Financial Independence – Outlining My Goals

One of my goals for this blog was to create more accountability. I wanted to start reporting my financial goals to be better, more capable, avoid consumerism, be environmentally aware, and save money along the way.

So what are my financial goals? Currently 29, I aim to achieve FI by 45, and retire by 50. More details below!

Between 45 and 50, I aim to cut my hours and work only part-time. My wife who is a teacher, is likely to follow a similar path of working full time until 45, followed by cutting hours and going back to supply teaching until 50. During this time, we plan to leave our nest egg untouched and let it compound for another 5 years. The income from part-time work aims to cover our expenses, a few remaining years of financially dependent children and travel a fair bit (cutting down to part-time hours should make this possible from a time perspective).

So what’s the game plan?

  • I plan to contribute the maximum allowable to my RRSPs from now until 45. I have some carryover room leftover so I will be using that up over the next 5 years or so.
  • I plan to start a Spousal RRSP shortly as well. My wife does not have an RRSP so she has quite a bit of room here we can use to maximize our tax shield.
  • We also plan on maxing out our TFSA contributions until 45 as well, possibly putting away some excess cash into the TFSA from age 45-50.*
  • I also need to account for my wife’s Teacher DBPP (I know I know, very lucky!)

All in all net of a mortgage payment, which we aim to have fully paid off by 45, we budget about $40,000 (including ongoing property tax) for living expenses, and we aim to have $10,000 a year in travel funds. I also prefer using a SWR** of 3.5% to remain conservative. So we would need $50,000 after-tax at a 3.5% SWR.

In Canada, we have a few different savings vehicles (more on this later). The RRSP, DCPP, and DBPP are tax deferred, while some like the TFSA are after tax income invested tax free (no capital gains tax), and non-registered accounts (subject to capital gains tax).

Using simplified math to get a general idea:

  • This would put a target, at age 50, of about $1.5M rounding up to the nearest $100k. This does not account for the DBPP, which will be cherries on top. Add in some supplementary income over the years from CPP and OAS at 65, we will have plenty of room when there are downturns in the market.
  • It’s important to be flexible when there are downturns in the market, cutting back on luxuries or picking up some part-time work can easily quell any distress.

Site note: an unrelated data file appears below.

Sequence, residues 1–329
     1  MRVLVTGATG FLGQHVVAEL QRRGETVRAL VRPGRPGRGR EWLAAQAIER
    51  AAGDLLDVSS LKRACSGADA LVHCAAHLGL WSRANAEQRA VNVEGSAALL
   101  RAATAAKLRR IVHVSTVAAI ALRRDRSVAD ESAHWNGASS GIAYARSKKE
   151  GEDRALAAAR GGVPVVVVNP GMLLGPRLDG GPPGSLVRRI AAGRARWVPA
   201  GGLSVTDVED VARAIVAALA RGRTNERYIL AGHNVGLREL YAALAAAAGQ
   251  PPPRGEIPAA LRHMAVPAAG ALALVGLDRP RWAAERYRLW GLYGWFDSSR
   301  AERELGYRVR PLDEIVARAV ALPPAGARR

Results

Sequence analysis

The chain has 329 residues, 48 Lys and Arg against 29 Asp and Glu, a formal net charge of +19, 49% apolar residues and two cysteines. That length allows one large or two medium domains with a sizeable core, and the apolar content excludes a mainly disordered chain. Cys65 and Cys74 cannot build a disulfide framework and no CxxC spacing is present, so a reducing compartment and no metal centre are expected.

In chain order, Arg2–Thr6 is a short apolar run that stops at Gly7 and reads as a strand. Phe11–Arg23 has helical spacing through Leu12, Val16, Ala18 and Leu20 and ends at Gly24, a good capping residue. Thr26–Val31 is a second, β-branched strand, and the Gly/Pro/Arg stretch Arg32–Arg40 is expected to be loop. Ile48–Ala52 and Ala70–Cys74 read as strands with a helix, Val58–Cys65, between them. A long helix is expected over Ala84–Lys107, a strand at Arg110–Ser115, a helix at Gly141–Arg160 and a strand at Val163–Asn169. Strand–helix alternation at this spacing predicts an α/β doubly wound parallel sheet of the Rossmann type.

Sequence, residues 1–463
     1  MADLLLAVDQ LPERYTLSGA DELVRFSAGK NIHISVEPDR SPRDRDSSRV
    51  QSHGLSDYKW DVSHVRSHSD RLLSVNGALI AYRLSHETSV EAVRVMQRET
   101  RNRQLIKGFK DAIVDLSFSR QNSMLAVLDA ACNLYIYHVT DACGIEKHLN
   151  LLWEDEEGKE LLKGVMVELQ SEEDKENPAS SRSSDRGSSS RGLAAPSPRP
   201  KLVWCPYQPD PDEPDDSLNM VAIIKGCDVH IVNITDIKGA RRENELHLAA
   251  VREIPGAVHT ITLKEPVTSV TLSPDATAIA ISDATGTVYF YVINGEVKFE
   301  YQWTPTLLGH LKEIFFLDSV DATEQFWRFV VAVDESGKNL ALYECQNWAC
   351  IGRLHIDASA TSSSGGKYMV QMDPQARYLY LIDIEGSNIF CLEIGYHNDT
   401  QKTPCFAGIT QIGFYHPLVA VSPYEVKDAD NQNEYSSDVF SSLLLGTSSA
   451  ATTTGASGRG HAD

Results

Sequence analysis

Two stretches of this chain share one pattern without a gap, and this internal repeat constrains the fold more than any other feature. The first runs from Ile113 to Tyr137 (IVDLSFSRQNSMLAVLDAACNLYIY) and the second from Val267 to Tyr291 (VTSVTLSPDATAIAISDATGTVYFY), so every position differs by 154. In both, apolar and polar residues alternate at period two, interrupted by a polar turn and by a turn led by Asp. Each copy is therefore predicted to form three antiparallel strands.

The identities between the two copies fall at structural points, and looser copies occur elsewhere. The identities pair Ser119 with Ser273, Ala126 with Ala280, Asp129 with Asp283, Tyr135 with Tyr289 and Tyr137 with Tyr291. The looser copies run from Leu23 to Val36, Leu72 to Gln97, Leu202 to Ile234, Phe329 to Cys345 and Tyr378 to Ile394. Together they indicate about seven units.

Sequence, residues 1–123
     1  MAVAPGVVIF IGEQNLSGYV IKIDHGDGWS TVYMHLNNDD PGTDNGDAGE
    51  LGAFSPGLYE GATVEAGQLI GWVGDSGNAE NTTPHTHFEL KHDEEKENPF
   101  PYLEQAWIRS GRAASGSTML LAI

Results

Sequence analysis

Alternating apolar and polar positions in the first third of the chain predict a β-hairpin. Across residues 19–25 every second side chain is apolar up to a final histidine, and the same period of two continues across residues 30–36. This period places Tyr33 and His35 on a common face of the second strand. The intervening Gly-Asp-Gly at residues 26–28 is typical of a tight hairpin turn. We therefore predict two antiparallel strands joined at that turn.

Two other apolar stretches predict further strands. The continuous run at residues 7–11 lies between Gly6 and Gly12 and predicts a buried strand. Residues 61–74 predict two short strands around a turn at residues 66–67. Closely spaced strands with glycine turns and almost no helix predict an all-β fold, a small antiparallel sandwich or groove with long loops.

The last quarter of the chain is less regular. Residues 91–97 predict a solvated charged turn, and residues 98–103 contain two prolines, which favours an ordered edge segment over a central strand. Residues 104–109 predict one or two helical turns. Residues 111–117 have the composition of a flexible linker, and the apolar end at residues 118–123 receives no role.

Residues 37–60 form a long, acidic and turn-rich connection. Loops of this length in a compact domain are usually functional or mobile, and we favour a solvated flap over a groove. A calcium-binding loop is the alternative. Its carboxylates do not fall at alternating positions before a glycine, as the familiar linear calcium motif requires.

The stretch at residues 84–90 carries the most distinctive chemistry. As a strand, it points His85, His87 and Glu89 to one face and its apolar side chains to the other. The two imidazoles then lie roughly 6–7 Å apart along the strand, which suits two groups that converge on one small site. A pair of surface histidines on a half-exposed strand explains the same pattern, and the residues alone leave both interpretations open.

• To achieve $1.5M in today’s dollars (assuming 5% real return per year) with current balances for accounts dedicated to retirement, and assuming we stop contributing altogether at 45, we would need to add about $48k per year.

For this year, I estimate contributing $23k into my DCPP/RRSP, while saving approximately $18k in after-tax savings. This would total $41k. Less than what I need on average. That being said, my wife is still supply teaching and not full-time. When she becomes full-time, I expect to be able to contribute more to retirement (although we plan to have kids, so hard to know for sure! But it’s a great idea to have some general guidelines to follow!)

I plan to post my first FI update shortly at the mid-year mark (June 2018), so stay tuned and stay frugal!

*Net savings are currently put away in our TFSA and invested, but will be used as a down payment in the next couple years. Once we purchase a home, we will start putting away and investing after-tax cash for retirement purposes

** SWR stands for Safe Withdrawal Rate. It is the amount as a percentage of assets that you can withdraw per year without sacrificing the longevity of the asset portfolio (since you need the portfolio to live off of! Remember that you’ve set aside this financial capital to earn more financial capital for you!). While some go with a 4% SWR, there is another rule of thumb creating a lower and upper bound for an SWR. Lower bound is Retirement Age divided by 20, upper bound is Retirement Age divided by 10. So for us that would be 2.5% – 5%. If I think long-term real returns of my portfolio can give me an average of 5% per year, then 3.5% withdrawal leaves me a nice buffer; I’d only be withdrawing 70% of what I expect on average. SWR is a nice guideline but it should be just that, a guideline. You’ll need to be flexible in down years and controlled in good years.

3 thoughts on “Financial Independence – Outlining My Goals

  1. Pingback: Financial Independence – June 2018 | The Frugal North

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